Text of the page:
The Rain by Virginia Bergen, published by Macmillan Children's Books on 17th July 2014
One minute sixteen-year-old Ruby Morris is having her first proper snog with Caspar McCloud in a hot tub, and the next she’s being bundled inside the house, dripping wet, cold and in her underwear. Not cool. As she and Caspar shiver in the kitchen, it starts to rain. They turn on the radio to hear panicked voices – ‘It’s in the rain . . . it’s in the rain . . . '
That was two weeks ago, and now Ruby is totally alone. People weren’t prepared for the rain, got caught out in it, didn’t realize that you couldn’t drink water from the taps either. Even a drip of rain would infect your blood, and eat you from the inside out. Ruby knows she has to get to London to find her dad, but she just doesn’t know where to start . . . After rescuing all the neighbourhood dogs, Ruby sets off on a journey that will take her the length of the country – surviving in the only way she knows how.
I love end of the world and apocalyptic disaster books. I was hooked on the initial description of 'The Rain' which described it as a story about survival in the face of a truly terrifying natural disaster. What would you do if you discovered that there was something in the rain which could kill you? How would you survive without water? This is the predicament faced by the characters in the book. This initially sounded really great but unfortunately, although there were some elements of it that I enjoyed, I didn't particularly like the overall tone of the book or some of the character choices that were made.
The thing that stood out for me the most was the unusual and quite quirky narrative voice of the main character. Fifteen year old Ruby is facing the end of life as she knew is but she still manages to find time to fixate on the fact that she snogged the gorgeous Caspar and doesn't have to go to school. I know this might be more realistic than somebody suddenly discovering that they have incredible survival skills and can be the one to save the world, but for me, I just found it a bit annoying and shallow. Ruby is such an unlikely heroine. She makes mistakes and gets herself into trouble and seems to only manage to survive by luck alone. She isn't someone that I would want by my side if the world was ending.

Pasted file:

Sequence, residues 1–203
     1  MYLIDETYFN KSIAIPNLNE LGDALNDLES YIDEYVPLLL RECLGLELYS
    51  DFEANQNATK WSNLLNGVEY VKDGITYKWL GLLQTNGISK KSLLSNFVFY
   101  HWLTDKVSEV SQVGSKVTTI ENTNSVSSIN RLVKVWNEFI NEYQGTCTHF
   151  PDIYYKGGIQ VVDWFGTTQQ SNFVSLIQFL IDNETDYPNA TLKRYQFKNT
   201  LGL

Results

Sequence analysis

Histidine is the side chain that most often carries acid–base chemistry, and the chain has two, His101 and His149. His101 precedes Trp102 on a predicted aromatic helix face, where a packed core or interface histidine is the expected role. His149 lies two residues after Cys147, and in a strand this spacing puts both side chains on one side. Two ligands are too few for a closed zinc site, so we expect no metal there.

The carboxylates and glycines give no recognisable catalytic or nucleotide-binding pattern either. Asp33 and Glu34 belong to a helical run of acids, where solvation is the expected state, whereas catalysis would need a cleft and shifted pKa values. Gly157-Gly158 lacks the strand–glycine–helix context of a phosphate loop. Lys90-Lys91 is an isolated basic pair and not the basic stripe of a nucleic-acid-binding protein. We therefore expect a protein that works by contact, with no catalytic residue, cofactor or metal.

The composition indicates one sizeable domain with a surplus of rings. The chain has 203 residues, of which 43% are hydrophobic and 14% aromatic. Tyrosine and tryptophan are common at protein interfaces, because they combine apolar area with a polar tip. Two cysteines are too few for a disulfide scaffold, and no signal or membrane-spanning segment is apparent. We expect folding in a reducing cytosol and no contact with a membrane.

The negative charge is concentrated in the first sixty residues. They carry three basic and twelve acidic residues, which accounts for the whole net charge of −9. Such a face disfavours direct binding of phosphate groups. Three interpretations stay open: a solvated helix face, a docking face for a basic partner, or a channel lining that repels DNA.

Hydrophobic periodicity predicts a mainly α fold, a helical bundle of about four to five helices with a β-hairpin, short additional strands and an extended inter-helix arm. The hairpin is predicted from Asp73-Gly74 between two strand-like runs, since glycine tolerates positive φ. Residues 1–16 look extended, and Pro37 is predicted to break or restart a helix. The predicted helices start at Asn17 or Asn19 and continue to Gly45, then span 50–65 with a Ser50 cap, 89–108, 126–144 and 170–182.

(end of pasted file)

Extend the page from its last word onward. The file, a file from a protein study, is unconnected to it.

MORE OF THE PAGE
I also thought that the slightly humorous and extremely quirky narrative didn't always meld well with the dire situation that Ruby was facing. The story got extremely strange in places too, such as when Ruby is taking part in the looting of shops, not for food and fresh water mind you but for jewellery and fancy clothes.
Overall, I loved the concept for the book and I think the idea of the rain being contaminated was brilliant and one which could have made for a stunning story. Unfortunately, I didn't love Ruby or the blend of humour with apocalyptic disaster and this made it a bit of a struggle to get to the final page.
- Samantha (A Dream of Books)
- United Kingdom
- I'm a librarian based in the UK who loves books. I'm happiest when I'm either talking about them, reading them or buying them. This blog is dedicated mainly to my addiction to YA fiction but you will also find some adult and non-fiction book reviews as well.